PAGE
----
But what happens with an intellectual property license in bankruptcy? First a little background, in 1985, the Federal Court of Appeals for the 4th Circuit, held that a debtor (and licensor) could use bankruptcy to unilaterally revoke the rights of the licensee of a patent license. See Lubrizol Enters., Inc. v. Richmond Metal Finishers, Inc., 756 F.2d 1043 (4th Cir. 1985). The revocation also meant that licensee did not even have an unsecured claim in bankruptcy. The revocation basically meant that the license was obliterated and simply disappeared, a very harsh result.

Soon after that case, Congress moved to overrule that result and added into the Bankruptcy Code a new provision that gives the licensee of an intellectual property license the option to either treat the license as terminated and have a claim as an unsecured creditor or retain the intellectual property rights under the original license and continue the license. See 11 USC 365(n). To support this new section, Congress also added new definitions to the Bankruptcy Code and specifically defined “intellectual property” to include trade secrets, patents, and copyrights to mention a few. See 11 USC 101(35A). But Congress did not specifically mention trademarks in this new definition section. Rather, Congress said it needed more time to study trademark licenses. Mind you, this was in 1988 and Congress still has not revisited this issue, leaving trademark licenses unprotected by the same protections given to other forms of intellectual property.

Since 1988, various bankruptcy courts have gone in different directions on whether a trademark license is an intellectual property license as defined in section 365(n) of the Bankruptcy Code. The Third Circuit looked at this issue in 2010, and while it decided that case on different grounds, a concurring opinion disagreed with Lubrizol on trademark licenses. See In re Exide Technologies, 607 F.3d 957, 966–67 (3d Cir. 2010) (Ambro, J., concurring) (concluding that 365(n) neither codifies nor disapproves Lubrizol as applied to trademarks).

In 2012, the Seventh Circuit Court of Appeals looked at Lubrizol and determined that it did not apply to trademark licenses. See Sunbeam Products, Inc. v. Chicago American Manufacturing, LLC, 686 F.3d 372 (7th Cir. 2012). The Fifth Circuit (where I live) like some other circuits, has not yet weighed in on this issue. And finally, the First Circuit last year weighed in and rejected Sunbeam, followed Lubrizol, and found that a trademark license does not survive bankruptcy and can be terminated. See Mission Prod. Holdings, Inc. v. Tempnology, LLC (In re Tempnology, LLC), 879 F.3d 389 (1st Cir., 2018).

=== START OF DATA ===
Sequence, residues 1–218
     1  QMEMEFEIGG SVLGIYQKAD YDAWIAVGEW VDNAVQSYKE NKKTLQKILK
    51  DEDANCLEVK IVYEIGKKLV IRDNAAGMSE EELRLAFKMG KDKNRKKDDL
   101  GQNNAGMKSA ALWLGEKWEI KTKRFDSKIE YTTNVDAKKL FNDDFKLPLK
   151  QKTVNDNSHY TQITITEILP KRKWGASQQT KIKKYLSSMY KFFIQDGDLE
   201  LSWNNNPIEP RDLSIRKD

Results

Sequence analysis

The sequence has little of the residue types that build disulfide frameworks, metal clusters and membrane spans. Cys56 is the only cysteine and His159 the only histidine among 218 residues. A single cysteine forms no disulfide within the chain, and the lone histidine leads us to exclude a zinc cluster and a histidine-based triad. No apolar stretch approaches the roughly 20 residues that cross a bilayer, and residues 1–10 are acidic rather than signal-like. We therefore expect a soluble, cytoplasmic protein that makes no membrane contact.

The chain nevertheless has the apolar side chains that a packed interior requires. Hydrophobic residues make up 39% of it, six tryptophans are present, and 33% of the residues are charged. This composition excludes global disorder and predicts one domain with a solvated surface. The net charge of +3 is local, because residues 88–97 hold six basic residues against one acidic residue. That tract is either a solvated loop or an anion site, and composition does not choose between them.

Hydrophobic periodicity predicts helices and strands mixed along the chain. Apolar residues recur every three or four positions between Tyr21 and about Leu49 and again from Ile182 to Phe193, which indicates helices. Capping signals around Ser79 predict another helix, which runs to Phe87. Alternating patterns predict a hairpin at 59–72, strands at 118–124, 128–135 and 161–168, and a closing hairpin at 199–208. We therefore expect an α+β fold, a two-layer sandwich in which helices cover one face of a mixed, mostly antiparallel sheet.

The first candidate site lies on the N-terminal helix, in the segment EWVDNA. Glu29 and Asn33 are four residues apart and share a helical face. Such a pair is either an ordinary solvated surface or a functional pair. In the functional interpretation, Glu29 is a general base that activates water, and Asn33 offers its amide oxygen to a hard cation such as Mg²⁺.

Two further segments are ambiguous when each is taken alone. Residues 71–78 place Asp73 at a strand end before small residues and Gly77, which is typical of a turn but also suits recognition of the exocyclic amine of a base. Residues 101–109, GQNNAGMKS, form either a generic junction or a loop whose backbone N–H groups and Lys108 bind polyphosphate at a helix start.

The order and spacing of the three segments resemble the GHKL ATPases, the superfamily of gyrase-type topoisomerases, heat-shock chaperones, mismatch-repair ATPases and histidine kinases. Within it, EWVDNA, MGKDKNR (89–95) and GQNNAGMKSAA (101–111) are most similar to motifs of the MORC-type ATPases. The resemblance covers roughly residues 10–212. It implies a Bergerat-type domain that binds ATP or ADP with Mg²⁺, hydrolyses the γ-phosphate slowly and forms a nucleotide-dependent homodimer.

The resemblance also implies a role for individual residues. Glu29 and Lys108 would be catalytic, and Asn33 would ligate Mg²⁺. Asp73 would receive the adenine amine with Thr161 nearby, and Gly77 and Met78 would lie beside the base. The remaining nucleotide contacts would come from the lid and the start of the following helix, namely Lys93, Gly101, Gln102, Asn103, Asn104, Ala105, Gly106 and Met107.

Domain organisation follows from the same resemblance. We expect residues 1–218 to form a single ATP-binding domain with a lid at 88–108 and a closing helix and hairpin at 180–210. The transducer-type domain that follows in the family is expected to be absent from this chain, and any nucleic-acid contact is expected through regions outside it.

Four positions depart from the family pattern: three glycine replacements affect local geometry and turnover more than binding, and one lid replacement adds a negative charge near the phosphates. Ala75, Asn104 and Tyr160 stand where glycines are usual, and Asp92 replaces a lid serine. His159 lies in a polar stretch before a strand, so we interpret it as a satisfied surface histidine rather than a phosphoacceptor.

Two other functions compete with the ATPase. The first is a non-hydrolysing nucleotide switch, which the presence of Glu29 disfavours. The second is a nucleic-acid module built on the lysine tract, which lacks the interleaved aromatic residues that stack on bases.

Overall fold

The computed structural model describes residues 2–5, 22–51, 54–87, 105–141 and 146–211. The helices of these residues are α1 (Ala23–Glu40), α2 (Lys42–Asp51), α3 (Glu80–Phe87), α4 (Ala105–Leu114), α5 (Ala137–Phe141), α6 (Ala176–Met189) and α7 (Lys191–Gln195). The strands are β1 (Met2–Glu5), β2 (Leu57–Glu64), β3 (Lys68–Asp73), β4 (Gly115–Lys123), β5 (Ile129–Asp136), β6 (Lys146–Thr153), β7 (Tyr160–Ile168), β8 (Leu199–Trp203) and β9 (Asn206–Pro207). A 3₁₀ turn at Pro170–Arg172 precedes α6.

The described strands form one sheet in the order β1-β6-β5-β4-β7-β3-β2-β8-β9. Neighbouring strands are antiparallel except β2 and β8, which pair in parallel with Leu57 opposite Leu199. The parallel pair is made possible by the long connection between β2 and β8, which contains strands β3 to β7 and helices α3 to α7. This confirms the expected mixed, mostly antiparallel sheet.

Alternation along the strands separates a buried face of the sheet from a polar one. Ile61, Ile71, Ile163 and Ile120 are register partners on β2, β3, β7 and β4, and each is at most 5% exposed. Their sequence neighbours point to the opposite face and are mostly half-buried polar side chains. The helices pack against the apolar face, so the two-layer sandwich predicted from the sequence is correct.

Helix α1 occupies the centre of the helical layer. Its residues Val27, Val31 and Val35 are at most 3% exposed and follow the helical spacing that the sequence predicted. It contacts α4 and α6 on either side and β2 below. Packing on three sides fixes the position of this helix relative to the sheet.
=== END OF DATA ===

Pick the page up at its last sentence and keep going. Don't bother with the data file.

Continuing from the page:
Since Congress has never revisited this issue in over 20 years, there is still lingering uncertainty. In the Fourth and First Circuits, licensees are out of luck if the licensor goes into bankruptcy. In the Seventh Circuit, licensees have protection and have a choice of how to proceed. In other circuits, like the Fifth Circuit, who knows what will happen. Hopefully, the Supreme Court will provide guidance on this issue since Congress never got around to it.

The case is Mission Product Holdings, Inc. v. Tempnology, LLC, nka Old Cold LLC, No. 17-1657 (US). Link to the case. Oral arguments on the case were heard on Wednesday, February 20, 2019.

Lawful Use in Commerce for Wine

By Matthew J. Booth

As I was thinking about celebrating Texas Independence Day (March 2), I saw a story about Trademarks and Texas Wines that caught my eye.

This case was a Concurrent Use proceeding at the U.S. Trademark Trial and Appeal Board for the concurrent use of a trademark between a Texas vineyard and a California vineyard. What intrigued me about this case was that it was both a concurrent use application and the case turned on the concept of “lawful use in commerce.” However, as you read on, you will see that I end up somewhere different.

I am throwing around a lot of trademark terms so first a little trademark background information. A concurrent use trademark registration is a type of registered trademark that splits the country into different geographic areas; one company has rights to the trademark in one area and another company has rights in a different geographic area. In today’s system of commerce, I think it is going to become harder and harder to make a case for a concurrent use trademark where there is no likelihood of confusion between the different owners in the different geographic areas but that is a topic for another time. The term “lawful use in commerce” comes about because the language for use for concurrent use trademarks is slightly different than for a regular federal trademark registration. In the case of a regular federal trademark, the term is “use in commerce”. See 15 USC 1051 (Application for registration), 15 USC 1052 (Trademarks registrable on principal register; concurrent registration), and 15 USC 1127 (Definitions).